Therefore, the rāhui and potential formal 2-year closure of the beds is timely and a longer closure may need to be considered.
This has been the most extensive citizen science scallop dive survey known to have been completed in Aotearoa to date. It could be viewed as a model for future low cost, safe and rapid assessments of highly valued local kai moana, seafood resources.
The survey was commissioned in 2020 by the New Zealand Sport Fishing Council and LegaSea in conjunction with the Opito Bay Ratepayers Association, Ngāti Hei and New Zealand Underwater Association.
Darrell Bird and Dive Zone Whitianga provided experienced volunteer skippers and divers, including Holly Costello who helped complete the data set. Dive operations were managed by Warren Maher, President of the Tairua-Pauanui Sports Fishing Club. Ngāti Hei Rangatira Joe Davis provided cultural oversight and advice. The survey report was completed in 2021 by Dave Guccione with input from Paul Warren, Grant Northcott and John Holdsworth. Survey results were compiled into a report issued in May 2021 – ‘Baseline assessment of the scallop (Pecten novaezelandiae) population at Opito Bay, Coromandel, New Zealand, 2021 – a Citizen Science model’.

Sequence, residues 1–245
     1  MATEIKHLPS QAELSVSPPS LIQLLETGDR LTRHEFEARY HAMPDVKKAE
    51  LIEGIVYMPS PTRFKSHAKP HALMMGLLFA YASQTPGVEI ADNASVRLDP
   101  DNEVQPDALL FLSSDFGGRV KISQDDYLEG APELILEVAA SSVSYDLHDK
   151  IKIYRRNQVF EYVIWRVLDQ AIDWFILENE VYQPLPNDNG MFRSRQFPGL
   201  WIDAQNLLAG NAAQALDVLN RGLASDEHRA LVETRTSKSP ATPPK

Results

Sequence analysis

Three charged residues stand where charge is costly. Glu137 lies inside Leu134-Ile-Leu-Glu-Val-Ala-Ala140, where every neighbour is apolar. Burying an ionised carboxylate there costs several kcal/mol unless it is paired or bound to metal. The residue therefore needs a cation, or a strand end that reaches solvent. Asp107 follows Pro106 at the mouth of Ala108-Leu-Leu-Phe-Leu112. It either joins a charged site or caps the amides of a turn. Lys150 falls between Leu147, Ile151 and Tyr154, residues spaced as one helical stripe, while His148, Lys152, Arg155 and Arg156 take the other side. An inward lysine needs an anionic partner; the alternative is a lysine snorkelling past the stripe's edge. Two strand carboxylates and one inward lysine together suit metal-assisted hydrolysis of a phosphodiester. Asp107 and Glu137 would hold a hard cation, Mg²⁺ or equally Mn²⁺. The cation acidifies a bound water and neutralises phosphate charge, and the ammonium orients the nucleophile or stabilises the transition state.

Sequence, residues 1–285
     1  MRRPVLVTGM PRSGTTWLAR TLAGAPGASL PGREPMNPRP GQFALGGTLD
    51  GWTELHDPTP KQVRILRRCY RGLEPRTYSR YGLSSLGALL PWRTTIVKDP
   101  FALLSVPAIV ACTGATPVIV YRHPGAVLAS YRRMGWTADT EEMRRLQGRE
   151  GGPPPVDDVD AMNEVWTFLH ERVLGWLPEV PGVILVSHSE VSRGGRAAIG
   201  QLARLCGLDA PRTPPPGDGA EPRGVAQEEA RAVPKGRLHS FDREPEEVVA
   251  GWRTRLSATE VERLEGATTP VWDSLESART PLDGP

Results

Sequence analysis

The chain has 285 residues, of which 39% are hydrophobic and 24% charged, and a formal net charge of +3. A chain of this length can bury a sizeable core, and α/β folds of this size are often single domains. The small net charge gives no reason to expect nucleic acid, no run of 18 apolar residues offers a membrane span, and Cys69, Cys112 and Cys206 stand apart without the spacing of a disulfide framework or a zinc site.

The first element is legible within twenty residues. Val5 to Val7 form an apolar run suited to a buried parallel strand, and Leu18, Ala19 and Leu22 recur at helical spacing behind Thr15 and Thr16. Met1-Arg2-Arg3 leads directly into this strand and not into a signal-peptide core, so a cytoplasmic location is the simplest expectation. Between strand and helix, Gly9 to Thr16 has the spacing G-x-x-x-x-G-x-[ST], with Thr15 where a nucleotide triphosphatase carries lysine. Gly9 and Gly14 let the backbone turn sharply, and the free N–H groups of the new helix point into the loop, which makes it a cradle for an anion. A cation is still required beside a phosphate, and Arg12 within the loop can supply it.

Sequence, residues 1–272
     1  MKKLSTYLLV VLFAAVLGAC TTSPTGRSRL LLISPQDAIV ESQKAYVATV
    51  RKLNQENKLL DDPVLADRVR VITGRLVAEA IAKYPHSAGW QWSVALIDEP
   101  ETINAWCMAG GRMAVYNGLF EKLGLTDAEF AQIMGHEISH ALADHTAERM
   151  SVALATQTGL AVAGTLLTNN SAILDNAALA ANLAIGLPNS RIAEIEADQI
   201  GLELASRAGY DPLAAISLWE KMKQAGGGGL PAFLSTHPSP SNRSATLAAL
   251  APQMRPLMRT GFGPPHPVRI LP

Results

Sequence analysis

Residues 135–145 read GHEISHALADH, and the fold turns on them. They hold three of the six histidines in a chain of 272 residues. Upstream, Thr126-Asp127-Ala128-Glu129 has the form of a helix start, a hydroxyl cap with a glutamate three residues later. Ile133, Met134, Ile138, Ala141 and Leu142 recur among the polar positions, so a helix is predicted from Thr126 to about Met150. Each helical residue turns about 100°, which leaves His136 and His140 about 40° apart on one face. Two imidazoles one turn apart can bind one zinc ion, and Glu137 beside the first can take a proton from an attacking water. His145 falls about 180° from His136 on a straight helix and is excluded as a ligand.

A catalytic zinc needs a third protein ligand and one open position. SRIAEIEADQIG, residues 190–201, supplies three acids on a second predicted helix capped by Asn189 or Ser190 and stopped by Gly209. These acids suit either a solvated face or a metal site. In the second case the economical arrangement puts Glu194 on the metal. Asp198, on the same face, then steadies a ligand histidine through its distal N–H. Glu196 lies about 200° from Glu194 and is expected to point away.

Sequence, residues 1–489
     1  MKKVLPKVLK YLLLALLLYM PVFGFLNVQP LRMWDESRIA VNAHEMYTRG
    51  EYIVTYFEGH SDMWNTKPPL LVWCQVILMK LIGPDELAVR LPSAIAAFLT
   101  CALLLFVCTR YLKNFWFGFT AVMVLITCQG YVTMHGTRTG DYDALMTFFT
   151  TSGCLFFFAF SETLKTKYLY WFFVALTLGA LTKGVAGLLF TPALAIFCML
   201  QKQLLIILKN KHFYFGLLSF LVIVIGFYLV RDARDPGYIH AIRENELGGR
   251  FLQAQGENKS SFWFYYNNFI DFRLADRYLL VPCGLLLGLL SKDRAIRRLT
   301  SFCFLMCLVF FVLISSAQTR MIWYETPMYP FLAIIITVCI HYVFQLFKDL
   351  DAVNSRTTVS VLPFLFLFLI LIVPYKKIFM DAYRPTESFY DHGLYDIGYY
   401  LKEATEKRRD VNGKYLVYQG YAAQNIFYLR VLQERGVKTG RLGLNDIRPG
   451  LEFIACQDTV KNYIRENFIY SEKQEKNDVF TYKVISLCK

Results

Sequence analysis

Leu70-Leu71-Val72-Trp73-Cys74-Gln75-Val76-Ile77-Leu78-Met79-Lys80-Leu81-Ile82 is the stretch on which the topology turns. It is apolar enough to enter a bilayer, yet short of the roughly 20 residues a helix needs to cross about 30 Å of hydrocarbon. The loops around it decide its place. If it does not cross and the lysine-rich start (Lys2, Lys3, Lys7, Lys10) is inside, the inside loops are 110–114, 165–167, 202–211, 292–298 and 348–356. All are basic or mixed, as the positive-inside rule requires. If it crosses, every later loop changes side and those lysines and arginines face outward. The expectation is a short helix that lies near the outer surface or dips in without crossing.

1. The survey supports what the community has been saying for many years – there are not many legal size, 100mm, scallops in Opito Bay.
2. 1571 scallops were measured. 36% were found to be at or above the 100mm minimum legal size for recreational harvest.
3. In the recreational-only area –
a. There was one scallop 100mm or larger every 9.5 square metres.
4. In the commercially fished area –
a. There was one scallop 100mm or larger every 26.8 square metres.
b. There was one scallop 90mm or larger every 13.6 square metres. 90mm is the minimum legal size for commercial harvest.
5. Scallop abundance is currently lower than the 2010 survey, but still in the same range it has been previously –
a. Scallop populations have not increased over time.
b. This survey overestimates the scallop population by between 1 and 16%.
c. It likely there would have been fewer scallops had the rāhui and voluntary harvesting ban not been in place over the 2020/21 season.
6. There were fewer small scallops than in the past. This means there are likely to be fewer legal size scallops available in the 2022 and 2023 seasons.
7. The last surveys of Opito Bay scallops was completed by MPI in 2009 and 2010 –
a. The 2020 dive survey was comprehensive, researching 56 sites and 157 individual survey sites.
b. Previous MPI surveys have not covered this many sites.
c. Previous research was dredge surveys, not dive surveys.
8. The dive survey was conducted in depths reaching up to 20m plus. Depth was not a factor that could explain the variation in scallop shell size or abundance frequency between sampling sites in the recreational-only zone and the commercial fishing area of Opito Bay.